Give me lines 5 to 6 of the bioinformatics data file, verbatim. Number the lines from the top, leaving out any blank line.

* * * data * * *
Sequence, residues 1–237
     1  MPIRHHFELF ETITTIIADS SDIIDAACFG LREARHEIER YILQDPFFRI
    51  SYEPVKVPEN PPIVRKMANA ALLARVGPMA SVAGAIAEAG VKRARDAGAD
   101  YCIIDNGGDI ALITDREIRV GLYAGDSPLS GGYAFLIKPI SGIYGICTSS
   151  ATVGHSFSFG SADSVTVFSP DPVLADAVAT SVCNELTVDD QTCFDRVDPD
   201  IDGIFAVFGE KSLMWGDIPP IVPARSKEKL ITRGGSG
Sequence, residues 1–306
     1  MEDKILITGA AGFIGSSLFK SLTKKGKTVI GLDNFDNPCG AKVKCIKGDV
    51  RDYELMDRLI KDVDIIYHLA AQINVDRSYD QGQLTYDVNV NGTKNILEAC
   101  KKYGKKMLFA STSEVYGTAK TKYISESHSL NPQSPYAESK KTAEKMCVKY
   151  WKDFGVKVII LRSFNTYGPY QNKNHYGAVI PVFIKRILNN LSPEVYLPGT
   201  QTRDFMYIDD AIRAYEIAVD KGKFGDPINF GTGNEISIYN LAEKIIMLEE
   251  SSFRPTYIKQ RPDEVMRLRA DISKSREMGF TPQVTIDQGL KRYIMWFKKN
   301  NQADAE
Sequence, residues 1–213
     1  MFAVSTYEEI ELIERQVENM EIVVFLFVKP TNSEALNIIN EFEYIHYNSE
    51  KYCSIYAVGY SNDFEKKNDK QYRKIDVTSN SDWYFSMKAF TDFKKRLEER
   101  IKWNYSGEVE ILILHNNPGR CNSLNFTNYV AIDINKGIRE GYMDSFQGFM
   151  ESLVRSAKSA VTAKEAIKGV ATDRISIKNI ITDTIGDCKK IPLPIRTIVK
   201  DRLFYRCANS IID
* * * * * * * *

   151  ATVGHSFSFG SADSVTVFSP DPVLADAVAT SVCNELTVDD QTCFDRVDPD
   201  IDGIFAVFGE KSLMWGDIPP IVPARSKEKL ITRGGSG